Drumming to the rhythm of James Joyce

I’ve a friend, Mark, who once coined the term ‘synthalpy’ for the next big movement which would wash knowledge management away into the past of tired, failed, organisational managements of once kind or another.  Synthalpy is the positive energy which flows when two worlds, hitherto unknown to each other, collide.    

When I look around, he gets righter and righter.  Except it’s not just two worlds I don’t think.  In Saturday’s Guardian was an article about the artist Anri Sala, whose take a drumless recording of a new Franz Ferdinand song, a gallery in London, and fragments from the text of Ulysses by James Joyce.  Visitors are asked to record the drum beat.  Their instructions  are extracts from Ulysses – ‘ bootless’ ‘lickitup’ ‘window-sash’ ‘boo-entity’ with some placing in context of the music.  The instruction, in essence, is that the rhythm of the word is the drum beat rhythm which is sought. The artist, Sala, ends the instructions with Joyce ‘With care repeated, with greater difficulty remembered, forgot with ease, with misgiving remembered, repeated with error.’ J

ohn Cage would be proud.I wonder too, what happens in the brain where the rhythm of a word is the instruction to produce a series of beats in a sequence.  

I’ve been reading, too, a marvellous book called ‘The Actor and the Target’ by Declan Donnellan, who founded Cheek by Jowl, the theatre company in 1981.  Essential reading for anyone interested in work and performance in any settings.I need to read it again, but have been most struck, in my vague meanderings through time and its meaning in organisational settings by his characterisation of Fear (capitalised) in particular. Fear, he says,  splits real time into two fake times to avoid you being present.  He splits time into the past, riddled with Guilt and the future, infused with Anxiety.  The guilty past and the anxious future do not exist, only the present exists.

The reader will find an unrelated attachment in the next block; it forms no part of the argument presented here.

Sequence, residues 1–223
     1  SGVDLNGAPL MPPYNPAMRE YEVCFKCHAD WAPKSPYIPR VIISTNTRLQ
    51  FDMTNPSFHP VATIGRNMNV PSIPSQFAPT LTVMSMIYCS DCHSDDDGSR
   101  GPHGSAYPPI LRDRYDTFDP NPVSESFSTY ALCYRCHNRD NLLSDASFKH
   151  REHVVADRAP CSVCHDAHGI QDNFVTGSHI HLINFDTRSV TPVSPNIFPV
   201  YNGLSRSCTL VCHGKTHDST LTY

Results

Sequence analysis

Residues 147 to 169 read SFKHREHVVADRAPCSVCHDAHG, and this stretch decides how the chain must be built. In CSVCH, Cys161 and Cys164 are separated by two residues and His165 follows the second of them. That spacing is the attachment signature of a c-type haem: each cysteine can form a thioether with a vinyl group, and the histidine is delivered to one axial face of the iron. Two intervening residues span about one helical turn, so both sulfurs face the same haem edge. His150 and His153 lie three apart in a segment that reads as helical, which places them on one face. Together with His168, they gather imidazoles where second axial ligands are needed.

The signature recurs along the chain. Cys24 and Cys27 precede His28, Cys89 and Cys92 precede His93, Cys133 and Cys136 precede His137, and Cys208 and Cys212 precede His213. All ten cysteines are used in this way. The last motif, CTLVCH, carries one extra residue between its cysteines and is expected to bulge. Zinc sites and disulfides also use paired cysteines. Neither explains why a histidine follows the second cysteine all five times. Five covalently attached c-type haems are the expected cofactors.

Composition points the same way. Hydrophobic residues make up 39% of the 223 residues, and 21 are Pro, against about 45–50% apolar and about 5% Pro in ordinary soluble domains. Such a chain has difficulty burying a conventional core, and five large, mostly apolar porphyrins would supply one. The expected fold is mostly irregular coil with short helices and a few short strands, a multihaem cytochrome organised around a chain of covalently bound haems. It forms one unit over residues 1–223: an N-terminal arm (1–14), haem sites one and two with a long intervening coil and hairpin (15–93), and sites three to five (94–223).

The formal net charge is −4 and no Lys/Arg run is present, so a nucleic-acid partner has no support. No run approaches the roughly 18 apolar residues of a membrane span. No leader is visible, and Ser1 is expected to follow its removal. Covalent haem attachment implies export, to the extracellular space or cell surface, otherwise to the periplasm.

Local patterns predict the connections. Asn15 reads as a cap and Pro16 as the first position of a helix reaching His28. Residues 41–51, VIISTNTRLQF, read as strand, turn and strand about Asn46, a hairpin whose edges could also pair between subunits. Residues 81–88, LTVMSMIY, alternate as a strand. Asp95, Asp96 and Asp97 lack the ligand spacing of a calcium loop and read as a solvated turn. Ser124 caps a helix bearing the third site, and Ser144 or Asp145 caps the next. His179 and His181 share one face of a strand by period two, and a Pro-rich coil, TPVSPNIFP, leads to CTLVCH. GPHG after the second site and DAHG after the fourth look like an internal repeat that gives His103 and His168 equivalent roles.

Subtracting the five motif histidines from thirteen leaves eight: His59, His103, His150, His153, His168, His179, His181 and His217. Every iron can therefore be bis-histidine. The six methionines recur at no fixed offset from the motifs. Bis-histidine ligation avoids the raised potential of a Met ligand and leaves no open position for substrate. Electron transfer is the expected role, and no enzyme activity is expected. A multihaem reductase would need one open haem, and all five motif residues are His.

I notice some move in me, with this and with the time in two modes (mackerel, memory) a lurching away from interest in the future and to being present, ever present.Donnellan also says that acting  (but life I think) is about the pursuit of seeing rather than of being seen.  Seeing, in the sense of using the faculties to be present and to see fully what is happening.I’ve an embryonic thesis that we mistake, hugely the value of planning and the value of reordering the past with offical, and officious, programmes of evaluation, lessons learnt, business planning, visioning, mission statements – the dross of illusory structure which deludes we are, somehow, captains of the organisational ship and have a choice where we can see it.  I’m thinking now that the richness of organisational life unfolds in an acute awareness of the present, an ability to look around and see what is, and, by seeing and describing it well, to open it up lines of sight which are otherwise blocked.  I think metaphor is permissable too, with all its dangers, to allow the heightened language to describe complex depths and darknesses which are not otherwise safely explored, or even explored at all. For some things, only the language of metaphor allows access.

This is social constructionism gone mad of course, but not gone bad I don’t think.  It does call into question the happier clappier parts of appreciative enquiry, the dreamy bits, imagining Chicago, imagining this, imagining that. But I think that might be necessary.  Untrammelled imaginings are whimsical in some way.  And I don’t think that’s where the valuable moments happen in the expression of dreams. I could be terribly wrong to do that.  But it does not diminish the value of the act of enquiry itself, which appreciative enquiry values so much, and rightly too. I think dreaming belongs in bed at night, and in taut forms, vehicles of expression like theatre, poetry, where the dangerousness or newness or impossibility of the imagining is contained, bounded and made safe for exploration by the traditional forms in which these things are contained.